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August 2 - 23, 1864

The Battle of Mobile Bay

By the summer of 1864, the Union military and economic blockade of Confederate ports was beginning to have an effect. Mobile, Alabama, however, was one of only two major Confederate ports still open (the other being Wilmington, North Carolina), making the city a vital lifeline for supplies from the outside world. Its harbor’s formidable defenses prevented the U.S. Navy from closing the net completely, and a few rebel smugglers continued to slip in and out. That July, a Union combined Army-Navy force made plans to close Mobile Bay for good.

The bay had two main ship channels defended by three forts, the largest being Fort Morgan; a 46-gun, star-shaped fortification built in 1834 protecting the deepest channel from its eastern side. On the west side of the channel, on Dauphin Island, the smaller and newer Fort Gaines provided covering fire with 26 guns. Fort Powell guarded Grant’s Pass at the western entrance of Mobile Bay with 16 guns.

To supplement these defenses, the Confederates had blocked part of the main channel with torpedoes (floating wooden barrels of explosives like modern naval mines) and assembled a small flotilla consisting of the ironclad CSS Tennessee and three gunboats inside the bay. They were commanded by the veteran Admiral Franklin Buchanan, who had commanded the ironclad CSS Virginia at the Battle of Hampton Roads two years earlier.

Tasked with closing the port was Rear Admiral David G. Farragut, who had become the United States’ first admiral after his capture of New Orleans. Responsible for leading an army assault in conjunction with Farragut’s attack was Maj. Gen. Gordon Granger with about 1,500 men in three regiments of infantry and one of cavalry. Granger landed on Dauphin Island on August 3 and laid siege to Fort Gaines while Farragut assembled his fleet of four ironclad monitors and more than a dozen wooden ships. Early in the morning of August 5, 1864, the Federal fleet passed into the harbor.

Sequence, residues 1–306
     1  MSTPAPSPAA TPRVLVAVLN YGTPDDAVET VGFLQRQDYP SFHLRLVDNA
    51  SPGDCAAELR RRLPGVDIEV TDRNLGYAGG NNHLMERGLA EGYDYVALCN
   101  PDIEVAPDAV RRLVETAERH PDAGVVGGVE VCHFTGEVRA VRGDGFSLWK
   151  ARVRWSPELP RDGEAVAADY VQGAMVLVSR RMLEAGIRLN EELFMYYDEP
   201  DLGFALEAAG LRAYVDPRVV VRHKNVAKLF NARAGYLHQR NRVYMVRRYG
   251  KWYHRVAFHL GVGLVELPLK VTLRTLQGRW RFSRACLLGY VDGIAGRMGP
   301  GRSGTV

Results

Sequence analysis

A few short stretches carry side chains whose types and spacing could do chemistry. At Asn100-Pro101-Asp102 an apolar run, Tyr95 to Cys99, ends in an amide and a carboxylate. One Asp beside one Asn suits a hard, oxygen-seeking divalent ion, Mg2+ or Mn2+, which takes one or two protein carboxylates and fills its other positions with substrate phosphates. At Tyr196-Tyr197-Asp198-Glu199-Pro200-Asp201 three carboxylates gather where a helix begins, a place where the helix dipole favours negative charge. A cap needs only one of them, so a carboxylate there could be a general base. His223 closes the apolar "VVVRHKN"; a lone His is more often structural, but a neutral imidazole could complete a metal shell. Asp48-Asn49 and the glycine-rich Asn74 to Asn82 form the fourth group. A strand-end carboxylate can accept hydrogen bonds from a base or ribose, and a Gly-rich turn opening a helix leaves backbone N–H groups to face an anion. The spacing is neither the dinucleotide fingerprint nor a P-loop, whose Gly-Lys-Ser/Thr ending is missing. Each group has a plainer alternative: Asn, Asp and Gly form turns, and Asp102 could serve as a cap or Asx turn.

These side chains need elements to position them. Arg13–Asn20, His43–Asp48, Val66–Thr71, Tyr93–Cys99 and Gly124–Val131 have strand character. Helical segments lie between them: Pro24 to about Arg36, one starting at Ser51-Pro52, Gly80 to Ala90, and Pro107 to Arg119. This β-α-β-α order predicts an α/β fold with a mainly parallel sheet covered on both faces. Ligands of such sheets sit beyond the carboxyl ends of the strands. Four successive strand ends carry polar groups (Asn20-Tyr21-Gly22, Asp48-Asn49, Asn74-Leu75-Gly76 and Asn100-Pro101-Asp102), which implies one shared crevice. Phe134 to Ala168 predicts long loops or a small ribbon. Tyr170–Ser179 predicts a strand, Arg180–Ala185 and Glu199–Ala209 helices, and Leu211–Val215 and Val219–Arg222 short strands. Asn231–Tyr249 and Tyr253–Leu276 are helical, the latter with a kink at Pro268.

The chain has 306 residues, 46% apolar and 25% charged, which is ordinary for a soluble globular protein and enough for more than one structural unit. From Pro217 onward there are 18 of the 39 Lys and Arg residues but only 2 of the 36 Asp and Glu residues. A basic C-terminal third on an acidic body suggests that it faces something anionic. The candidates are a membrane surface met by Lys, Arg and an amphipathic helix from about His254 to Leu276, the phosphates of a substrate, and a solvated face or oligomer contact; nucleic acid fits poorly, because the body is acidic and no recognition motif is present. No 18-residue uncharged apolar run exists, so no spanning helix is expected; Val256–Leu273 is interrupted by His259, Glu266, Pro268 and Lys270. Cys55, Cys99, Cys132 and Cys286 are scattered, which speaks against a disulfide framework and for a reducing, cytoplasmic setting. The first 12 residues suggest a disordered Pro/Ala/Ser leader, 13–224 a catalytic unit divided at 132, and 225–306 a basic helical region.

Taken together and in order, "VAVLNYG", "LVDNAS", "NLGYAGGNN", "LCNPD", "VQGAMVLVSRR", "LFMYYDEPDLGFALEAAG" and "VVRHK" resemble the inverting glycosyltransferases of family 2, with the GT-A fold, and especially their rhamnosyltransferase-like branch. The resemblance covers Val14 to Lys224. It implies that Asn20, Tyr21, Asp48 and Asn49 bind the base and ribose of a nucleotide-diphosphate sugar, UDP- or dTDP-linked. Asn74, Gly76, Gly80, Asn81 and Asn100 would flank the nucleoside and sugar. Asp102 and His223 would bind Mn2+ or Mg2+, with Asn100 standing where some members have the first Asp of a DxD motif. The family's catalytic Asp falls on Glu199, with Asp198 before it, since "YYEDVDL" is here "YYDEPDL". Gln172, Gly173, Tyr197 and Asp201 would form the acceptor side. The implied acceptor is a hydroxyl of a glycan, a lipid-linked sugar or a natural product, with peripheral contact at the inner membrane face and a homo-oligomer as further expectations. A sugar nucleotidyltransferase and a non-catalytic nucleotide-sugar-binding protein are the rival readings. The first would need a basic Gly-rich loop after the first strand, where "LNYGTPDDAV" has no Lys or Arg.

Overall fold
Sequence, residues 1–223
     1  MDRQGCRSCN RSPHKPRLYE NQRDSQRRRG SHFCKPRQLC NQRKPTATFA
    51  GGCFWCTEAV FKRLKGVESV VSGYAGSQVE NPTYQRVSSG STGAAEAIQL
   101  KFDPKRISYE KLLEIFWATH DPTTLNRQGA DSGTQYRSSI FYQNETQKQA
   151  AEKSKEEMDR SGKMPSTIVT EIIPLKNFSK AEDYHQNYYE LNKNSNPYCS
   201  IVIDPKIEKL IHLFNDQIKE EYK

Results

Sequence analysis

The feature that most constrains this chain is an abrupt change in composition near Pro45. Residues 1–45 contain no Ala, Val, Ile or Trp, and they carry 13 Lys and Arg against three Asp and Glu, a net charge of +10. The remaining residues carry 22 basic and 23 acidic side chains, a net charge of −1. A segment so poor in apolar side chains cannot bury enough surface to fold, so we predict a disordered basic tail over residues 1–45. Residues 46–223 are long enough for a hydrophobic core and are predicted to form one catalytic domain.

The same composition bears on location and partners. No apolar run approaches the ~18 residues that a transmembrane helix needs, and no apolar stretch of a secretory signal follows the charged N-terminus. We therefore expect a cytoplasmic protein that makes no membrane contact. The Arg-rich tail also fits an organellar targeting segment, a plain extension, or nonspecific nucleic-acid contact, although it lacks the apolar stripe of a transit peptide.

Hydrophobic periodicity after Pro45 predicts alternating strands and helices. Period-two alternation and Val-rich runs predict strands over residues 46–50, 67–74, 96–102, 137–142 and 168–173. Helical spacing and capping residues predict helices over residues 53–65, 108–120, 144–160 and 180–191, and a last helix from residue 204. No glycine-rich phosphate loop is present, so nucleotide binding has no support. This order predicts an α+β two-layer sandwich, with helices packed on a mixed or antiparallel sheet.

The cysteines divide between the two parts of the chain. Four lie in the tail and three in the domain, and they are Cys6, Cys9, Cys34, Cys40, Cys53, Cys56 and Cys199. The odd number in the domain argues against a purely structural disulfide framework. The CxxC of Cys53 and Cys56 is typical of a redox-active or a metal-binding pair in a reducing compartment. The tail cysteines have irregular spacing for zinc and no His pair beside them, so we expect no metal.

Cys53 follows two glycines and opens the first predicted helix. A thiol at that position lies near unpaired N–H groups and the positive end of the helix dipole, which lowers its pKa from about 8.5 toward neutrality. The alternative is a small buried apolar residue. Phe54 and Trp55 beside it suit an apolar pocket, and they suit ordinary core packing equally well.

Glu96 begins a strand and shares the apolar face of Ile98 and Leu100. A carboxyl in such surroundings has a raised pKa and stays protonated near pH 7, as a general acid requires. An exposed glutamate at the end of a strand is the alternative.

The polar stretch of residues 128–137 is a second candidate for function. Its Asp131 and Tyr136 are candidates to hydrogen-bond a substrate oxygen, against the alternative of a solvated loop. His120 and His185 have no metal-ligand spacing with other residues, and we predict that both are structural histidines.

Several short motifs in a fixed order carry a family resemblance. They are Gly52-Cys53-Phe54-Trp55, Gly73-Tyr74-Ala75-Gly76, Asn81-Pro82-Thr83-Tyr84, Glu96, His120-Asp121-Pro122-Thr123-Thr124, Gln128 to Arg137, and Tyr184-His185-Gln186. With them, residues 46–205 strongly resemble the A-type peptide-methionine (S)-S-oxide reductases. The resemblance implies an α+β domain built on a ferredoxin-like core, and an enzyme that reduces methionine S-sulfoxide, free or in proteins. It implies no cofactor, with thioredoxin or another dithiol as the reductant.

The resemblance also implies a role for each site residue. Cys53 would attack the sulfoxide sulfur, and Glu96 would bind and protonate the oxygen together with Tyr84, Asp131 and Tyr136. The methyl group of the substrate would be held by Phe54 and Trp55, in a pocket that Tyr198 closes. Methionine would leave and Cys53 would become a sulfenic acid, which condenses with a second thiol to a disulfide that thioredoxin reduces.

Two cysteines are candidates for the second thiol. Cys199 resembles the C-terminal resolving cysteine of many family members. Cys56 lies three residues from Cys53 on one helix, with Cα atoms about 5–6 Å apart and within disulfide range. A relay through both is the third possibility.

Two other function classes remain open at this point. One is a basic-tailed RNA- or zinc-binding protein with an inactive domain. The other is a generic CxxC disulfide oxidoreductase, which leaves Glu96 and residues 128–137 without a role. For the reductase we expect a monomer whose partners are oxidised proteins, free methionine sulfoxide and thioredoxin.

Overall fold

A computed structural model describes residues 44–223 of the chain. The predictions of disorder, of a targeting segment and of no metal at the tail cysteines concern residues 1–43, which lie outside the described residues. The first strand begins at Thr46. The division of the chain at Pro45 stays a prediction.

Farragut split his ships into two parallel columns: the ironclads sailing nearest Fort Morgan and the wooden ships on the far side. Farragut ordered the larger wooden ships lashed together to a smaller ship so that the bigger vessels could serve as shields, and so the ships would be able to tow each other if one became crippled. Farragut personally observed much of the battle while lashed to the rigging of his flagship, the USS Hartford.

The ships steamed through the narrow width of the channel that had not been mined while passing under the guns of the fort. But, as the columns maneuvered, the ships found themselves drifting into the edge of the minefield. The ironclad USS Tecumseh struck a torpedo and sank almost instantly, and cautious Union captains began stopping their ships while still within range of Fort Morgan. At this juncture, Farragut is said to have ordered Hartford forward with the famous line "Damn the torpedoes! Full speed ahead!" (although more reliable accounts suggest a slight variation to this quote).

Although facing bombardment from the forts and the Confederate ships, Hartford made it through the minefield in one piece, with the rest of the fleet following in its wake. Once into the expansive bay, the fleet could easily move out of range of Fort Morgan’s guns, leaving only the Confederate ships to contend with. The Federals quickly captured or drove away the Rebel gunboats SelmaGaines and Morgan, but despite the overwhelming odds the Tennessee, Buchanan’s flagship, moved forward to meet the Northerners.

Buchanan was soon surrounded by the Union ironclads as he steered for the Hartford, but the Tennessee’s armored plating protected her as she was rammed and pounded with shot. The ship’s weak engine – a product of the Confederacy’s limited industrial capacity – made her too slow to outmaneuver her adversaries and prevented her from successfully ramming any of the Union ships. The ships fought at close quarters; Tennessee slid alongside Hartford’s side at an arm’s length as their crews fired their guns at point-blank range.

Eventually, Tennessee’s slow engine, bad gunpowder, and fewer guns took their toll. Buchanan was injured and the ship’s rudder chains were shot away, preventing her from steering and allowing the Federals to pummel the ironclad in relative safety. Three hours after the fighting started the Tennessee surrendered, leaving the bay in Union control and closing the port to Southern blockade runners. The city of Mobile itself was too heavily defended to capture, but without resupply or reinforcements Fort Gaines surrendered on August 8 and Fort Morgan fell on August 23.

All told, the Union suffered over 300 casualties in the fighting compared to less than 50 for the Confederates, although when the forts surrendered some 1,500 Southerners were captured. The city of Mobile fell to a Union army expedition eight months later after the capture of Fort Blakely and Spanish Fort at the northern end of the bay. Farragut's victory at Mobile Bay was one of the badly needed Union victories in late 1864 that ensured President Abraham Lincoln's reelection in November.